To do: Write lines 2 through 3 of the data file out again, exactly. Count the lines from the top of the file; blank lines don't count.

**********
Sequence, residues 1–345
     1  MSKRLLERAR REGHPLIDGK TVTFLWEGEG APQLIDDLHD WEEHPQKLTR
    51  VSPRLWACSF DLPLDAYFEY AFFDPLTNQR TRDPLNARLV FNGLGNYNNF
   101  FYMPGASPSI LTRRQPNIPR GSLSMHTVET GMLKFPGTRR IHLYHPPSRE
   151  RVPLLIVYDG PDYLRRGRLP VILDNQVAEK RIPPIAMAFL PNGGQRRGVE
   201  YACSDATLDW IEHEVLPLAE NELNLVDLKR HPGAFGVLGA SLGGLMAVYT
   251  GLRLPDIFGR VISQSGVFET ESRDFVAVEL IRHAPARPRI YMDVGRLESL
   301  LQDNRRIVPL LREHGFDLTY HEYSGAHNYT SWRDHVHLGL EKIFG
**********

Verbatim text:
     1  MSKRLLERAR REGHPLIDGK TVTFLWEGEG APQLIDDLHD WEEHPQKLTR
    51  VSPRLWACSF DLPLDAYFEY AFFDPLTNQR TRDPLNARLV FNGLGNYNNF